Introduction: The Great Oaks of Sherwood Forest

Romantic Associations with Robin Hood.... and more

The Major Oak in Nottinghamshire's Sherwood Forest is justly famous, both for its size and mythological associations with Robin Hood.

Photo: Illustrative image for the 'Introduction: The Great Oaks of Sherwood Forest' page

The Major Oak, pictured around 1900. Visitors used to be able to go inside the oak as Robin Hood is supposed to have done

Every year visitors flock to the tree and the nearby Sherwood Forest Visitor Centre in their thousands, but how many of them, I wonder, are aware of the many other notable oaks in the forest?

What about, for instance, the Greendale Oak, or the Seven Sisters Oak, or, even more curious, who now remembers anything of the oak known as Robin Hood's Larder?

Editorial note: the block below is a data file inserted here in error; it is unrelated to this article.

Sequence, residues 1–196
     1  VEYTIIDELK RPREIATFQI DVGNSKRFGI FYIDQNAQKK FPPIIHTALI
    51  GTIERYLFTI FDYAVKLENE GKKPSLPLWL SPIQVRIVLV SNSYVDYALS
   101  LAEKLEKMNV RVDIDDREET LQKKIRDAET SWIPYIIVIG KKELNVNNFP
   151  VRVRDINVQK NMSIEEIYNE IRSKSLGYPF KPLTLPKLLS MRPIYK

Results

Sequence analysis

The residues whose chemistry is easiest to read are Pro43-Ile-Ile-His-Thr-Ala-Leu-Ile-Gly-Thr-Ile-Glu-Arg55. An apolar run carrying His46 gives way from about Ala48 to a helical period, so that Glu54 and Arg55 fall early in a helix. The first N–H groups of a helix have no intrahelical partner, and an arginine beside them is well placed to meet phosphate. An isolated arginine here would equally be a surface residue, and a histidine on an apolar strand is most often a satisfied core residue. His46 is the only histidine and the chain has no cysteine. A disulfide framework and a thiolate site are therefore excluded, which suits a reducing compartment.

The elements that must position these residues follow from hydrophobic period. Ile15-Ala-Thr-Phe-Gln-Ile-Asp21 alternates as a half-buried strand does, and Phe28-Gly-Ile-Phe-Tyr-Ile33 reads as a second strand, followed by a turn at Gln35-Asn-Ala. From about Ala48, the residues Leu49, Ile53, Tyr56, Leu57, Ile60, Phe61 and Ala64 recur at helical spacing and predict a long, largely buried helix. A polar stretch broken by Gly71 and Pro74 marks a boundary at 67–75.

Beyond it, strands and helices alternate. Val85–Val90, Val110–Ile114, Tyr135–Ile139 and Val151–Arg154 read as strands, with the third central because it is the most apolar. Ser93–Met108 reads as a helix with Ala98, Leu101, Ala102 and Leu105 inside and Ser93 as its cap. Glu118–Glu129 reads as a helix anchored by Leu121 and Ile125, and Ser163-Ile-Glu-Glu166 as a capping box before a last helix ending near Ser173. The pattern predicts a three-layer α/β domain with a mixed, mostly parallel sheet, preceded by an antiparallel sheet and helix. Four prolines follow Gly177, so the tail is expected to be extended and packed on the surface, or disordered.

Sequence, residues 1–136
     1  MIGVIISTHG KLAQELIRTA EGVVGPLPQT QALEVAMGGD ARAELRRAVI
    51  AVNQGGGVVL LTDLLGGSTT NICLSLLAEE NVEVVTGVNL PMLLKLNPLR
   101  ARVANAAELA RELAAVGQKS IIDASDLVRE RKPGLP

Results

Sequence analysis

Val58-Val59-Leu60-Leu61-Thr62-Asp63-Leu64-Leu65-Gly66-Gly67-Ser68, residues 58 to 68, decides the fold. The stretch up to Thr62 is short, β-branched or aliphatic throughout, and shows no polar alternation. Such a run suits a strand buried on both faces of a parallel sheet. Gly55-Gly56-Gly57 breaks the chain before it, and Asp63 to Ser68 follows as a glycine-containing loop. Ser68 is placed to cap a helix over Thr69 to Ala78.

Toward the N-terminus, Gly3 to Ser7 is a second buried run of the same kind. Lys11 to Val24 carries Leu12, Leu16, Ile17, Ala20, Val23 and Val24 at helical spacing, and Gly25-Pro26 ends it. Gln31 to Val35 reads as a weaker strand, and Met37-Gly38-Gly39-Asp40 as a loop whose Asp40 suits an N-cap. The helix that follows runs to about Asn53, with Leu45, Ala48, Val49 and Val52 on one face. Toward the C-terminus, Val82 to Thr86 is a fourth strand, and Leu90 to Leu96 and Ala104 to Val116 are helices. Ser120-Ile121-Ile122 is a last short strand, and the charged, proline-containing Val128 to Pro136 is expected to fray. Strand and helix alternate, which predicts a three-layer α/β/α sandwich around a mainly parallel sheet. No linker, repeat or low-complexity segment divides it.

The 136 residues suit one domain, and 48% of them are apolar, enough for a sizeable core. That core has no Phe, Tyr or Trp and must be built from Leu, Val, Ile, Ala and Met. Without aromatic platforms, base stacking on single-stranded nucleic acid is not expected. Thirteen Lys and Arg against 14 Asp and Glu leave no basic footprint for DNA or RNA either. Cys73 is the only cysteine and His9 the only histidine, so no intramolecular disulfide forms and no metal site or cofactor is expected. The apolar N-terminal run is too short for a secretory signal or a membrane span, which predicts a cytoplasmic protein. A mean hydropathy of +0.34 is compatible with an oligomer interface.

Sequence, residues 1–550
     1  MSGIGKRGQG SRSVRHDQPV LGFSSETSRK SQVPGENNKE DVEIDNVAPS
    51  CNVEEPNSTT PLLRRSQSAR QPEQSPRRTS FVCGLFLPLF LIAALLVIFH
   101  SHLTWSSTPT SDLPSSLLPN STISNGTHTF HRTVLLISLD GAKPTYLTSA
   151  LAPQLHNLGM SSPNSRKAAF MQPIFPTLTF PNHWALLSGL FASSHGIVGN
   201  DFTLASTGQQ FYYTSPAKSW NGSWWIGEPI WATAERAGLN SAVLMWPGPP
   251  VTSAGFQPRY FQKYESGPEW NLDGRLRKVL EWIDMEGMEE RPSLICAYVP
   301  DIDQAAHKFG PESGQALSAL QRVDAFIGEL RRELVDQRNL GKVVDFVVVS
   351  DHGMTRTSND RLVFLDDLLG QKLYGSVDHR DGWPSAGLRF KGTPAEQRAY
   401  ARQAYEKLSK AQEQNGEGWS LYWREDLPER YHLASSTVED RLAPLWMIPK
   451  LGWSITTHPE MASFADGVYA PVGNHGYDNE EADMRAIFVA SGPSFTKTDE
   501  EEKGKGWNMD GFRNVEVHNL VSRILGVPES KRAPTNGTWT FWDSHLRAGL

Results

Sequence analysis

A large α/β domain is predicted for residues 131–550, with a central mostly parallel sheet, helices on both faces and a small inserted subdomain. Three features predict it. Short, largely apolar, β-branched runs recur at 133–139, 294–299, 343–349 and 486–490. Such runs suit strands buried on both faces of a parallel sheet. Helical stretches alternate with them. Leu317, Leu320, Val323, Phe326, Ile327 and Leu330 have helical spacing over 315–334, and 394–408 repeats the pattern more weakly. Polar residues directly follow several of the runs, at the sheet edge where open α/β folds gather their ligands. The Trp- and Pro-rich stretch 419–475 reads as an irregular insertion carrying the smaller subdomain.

Sherwood today, with its areas of scrub, pasture, and intermittent woodland, may hardly seem to warrant the title forest, but, in its heyday it was considered one of the finest tracts of woodland in all England .

A survey of 1609 found 49,909 mature oak trees in Sherwood and while by the late 18th Century, a quarter of these had been lost, many of the most significant trees survived to become prized possessions of the great Dukery houses of Welbeck, Rufford, Newstead and Thoresby.


Robin Hood's Larder or The Shambles Oak 

Mention is made, for example, of the tree known as Robin Hood's Larder (or The Shambles Oak), now decayed, which was a hollow oak with hooks inside.

Photo: Illustrative image for the 'Introduction: The Great Oaks of Sherwood Forest' page

Robin Hood's Larder or The Shambles Oak, photographed in the early 20th century

Tradition has it that the hooks were used by Robin Hood to hang the sides of venison he plundered from the forest (hence the name Shambles Oak).